December 7, 2004
Coral Reef Damage Rising Worldwide
WASHINGTON (AP) -- Only about 30 percent of the world's coral reefs are healthy, down from 41 percent two years ago, according to a study released Monday that lists global warming as the top threat.
The study found as many as one-fifth of the world's coral reefs have been destroyed. Another half are damaged but could be saved, it said.
Coral reefs are among the oldest and most diverse forms of life. They provide food and shelter to fish and protect shores from erosion.
While covering less than 1 percent of the earth's surface, they help drive the food chains and economies of many on the planet, with $375 billion in economic benefits globally, according to the study by 240 scientists in 96 countries.
After global warming - blamed for higher water temperatures and carbon dioxide concentrations - threats to the reefs include coral disease, overfishing, coastal development and pollution runoff from land-based sources.
"Reefs need our help, but they're not going to go extinct," said Clive Wilkinson, the study's lead author and coordinator of the Global Coral Reef Monitoring Network. Still, he said, it's crucial to "raise the level of political will" to help reefs around the world.
"We know they're degrading fast, we know what the problems are, we know how to fix them," Wilkinson said at news conference by the Swiss-based World Worldlife Fund. "We've just got to do it."
Destruction or threats to 70 percent of the coral reefs represent a sharp rise from 59 percent in the last study in 2002.
About 65 percent of the Persian Gulf's reefs have been destroyed, the report said. Next in terms of damage are reefs off South and Southeast Asia, where 45 percent and 38 percent, respectively, have been destroyed.
Retired Navy Vice Admiral Conrad Lautenbacher, a Commerce Department undersecretary who heads the National Oceanic and Atmospheric Administration, called reefs a global issue.
"It is not just a nice thing from an environmental perspective," Lautenbacher said. "It is essential to life on earth."
John Turner, assistant secretary of state for oceans and international environmental and scientific affairs, called the report "a wake-up call" and said it would be circulated to U.S. diplomats overseas.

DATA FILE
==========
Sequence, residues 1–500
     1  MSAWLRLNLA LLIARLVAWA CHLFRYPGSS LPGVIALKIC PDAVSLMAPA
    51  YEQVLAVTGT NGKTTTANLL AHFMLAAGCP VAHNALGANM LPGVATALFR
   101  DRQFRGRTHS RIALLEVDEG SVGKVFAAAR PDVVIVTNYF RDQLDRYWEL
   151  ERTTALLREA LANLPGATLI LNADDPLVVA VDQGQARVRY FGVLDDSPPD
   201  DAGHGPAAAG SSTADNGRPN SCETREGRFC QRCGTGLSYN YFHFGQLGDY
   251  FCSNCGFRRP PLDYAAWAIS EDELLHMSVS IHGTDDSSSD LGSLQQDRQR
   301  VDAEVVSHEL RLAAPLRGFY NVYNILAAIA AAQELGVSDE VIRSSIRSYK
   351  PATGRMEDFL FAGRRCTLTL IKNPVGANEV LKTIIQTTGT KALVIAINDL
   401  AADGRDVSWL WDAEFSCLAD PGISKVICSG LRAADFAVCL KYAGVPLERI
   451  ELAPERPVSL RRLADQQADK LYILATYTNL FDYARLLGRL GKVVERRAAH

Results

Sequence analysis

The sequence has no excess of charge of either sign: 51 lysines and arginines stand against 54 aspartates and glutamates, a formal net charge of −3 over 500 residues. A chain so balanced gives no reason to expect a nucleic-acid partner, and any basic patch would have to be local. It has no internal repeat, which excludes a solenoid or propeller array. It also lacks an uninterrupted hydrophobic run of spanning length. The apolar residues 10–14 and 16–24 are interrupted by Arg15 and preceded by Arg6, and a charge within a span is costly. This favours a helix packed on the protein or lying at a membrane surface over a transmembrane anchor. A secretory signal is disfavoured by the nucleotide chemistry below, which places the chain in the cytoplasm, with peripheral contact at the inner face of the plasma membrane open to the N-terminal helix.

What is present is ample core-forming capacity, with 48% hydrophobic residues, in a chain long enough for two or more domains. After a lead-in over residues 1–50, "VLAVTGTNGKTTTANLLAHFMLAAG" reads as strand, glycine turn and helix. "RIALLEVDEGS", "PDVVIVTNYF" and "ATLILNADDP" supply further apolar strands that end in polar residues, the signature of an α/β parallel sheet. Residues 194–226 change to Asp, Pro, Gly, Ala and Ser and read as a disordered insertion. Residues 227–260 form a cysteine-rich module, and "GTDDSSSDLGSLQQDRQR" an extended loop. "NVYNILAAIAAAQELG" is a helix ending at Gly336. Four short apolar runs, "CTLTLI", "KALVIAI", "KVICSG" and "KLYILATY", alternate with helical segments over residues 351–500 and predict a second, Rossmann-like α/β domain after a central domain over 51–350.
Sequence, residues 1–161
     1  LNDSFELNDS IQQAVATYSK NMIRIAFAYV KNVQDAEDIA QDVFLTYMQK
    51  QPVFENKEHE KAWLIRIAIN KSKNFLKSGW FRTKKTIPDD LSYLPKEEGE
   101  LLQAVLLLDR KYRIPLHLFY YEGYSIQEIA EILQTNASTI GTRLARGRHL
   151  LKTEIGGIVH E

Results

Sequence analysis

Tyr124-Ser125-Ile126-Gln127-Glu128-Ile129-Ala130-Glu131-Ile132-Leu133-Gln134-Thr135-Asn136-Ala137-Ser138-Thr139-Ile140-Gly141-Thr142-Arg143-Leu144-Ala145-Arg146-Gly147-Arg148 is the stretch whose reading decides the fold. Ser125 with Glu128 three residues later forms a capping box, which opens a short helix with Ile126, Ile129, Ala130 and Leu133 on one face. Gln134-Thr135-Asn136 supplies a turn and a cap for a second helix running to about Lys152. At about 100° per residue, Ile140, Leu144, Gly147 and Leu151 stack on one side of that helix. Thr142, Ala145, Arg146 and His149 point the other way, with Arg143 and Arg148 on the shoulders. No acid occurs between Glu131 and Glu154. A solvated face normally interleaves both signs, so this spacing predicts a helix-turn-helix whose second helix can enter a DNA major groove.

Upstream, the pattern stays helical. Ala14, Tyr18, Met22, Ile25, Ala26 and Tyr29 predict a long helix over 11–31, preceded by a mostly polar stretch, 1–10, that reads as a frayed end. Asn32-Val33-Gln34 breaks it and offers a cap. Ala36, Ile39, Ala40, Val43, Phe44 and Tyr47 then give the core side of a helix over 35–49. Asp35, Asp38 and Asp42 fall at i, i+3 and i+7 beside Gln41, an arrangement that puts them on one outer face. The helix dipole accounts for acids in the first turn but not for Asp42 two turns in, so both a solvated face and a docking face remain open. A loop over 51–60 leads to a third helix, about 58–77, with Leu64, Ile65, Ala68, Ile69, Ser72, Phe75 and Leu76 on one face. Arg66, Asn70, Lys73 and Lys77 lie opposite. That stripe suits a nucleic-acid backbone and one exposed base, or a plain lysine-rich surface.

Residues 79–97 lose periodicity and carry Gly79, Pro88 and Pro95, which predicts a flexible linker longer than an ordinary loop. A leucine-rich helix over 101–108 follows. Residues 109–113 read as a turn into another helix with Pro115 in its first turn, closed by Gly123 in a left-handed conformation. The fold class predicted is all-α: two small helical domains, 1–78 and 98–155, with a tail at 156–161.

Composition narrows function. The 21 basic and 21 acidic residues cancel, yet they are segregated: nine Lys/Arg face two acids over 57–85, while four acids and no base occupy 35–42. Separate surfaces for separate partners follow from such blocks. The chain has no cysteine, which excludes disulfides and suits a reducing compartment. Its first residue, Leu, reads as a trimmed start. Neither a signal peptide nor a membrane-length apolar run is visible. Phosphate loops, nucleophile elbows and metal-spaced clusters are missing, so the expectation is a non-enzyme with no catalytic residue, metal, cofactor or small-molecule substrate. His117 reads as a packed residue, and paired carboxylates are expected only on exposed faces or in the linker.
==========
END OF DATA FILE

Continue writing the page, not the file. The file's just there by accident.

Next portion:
A more positive development is the recovery of about two-fifths of the reefs seriously damaged by an unprecedented coral "bleaching" from unusually warm waters in 1998. About 16 percent of global reefs had been damaged by the bleaching.
Most of the reefs that have recovered are in the Indian Ocean, are part of the Great Barrier Reef off Australia's coast or are in the western Pacific, particularly around Palau. Australia this year put as much as a third of both its Great Barrier Reef and Ningaloo Reef marine park off limits to fishing.
The Caribbean has lost 80 to 98 percent of its elkhorn and staghorn coral, two of the region's most common species, the scientists said, suggesting the United States should look at listing them as endangered species. A petition from an environmental group, the Center for Biological Diversity, to do that is being considered by the Bush administration.
The administration's efforts so far to protect coral reefs include improving monitoring and satellite surveillance, agreeing to Geneva-based treaty restrictions on international trade in coral reefs and passing out $10 million in grants, Lautenbacher said.
The administration is also considering creating a national marine sanctuary and banning commercial fishing in the Northwestern Hawaiian Islands to protect the chain's delicate reefs. A decision is expected by the end of 2005, Lautenbacher said.
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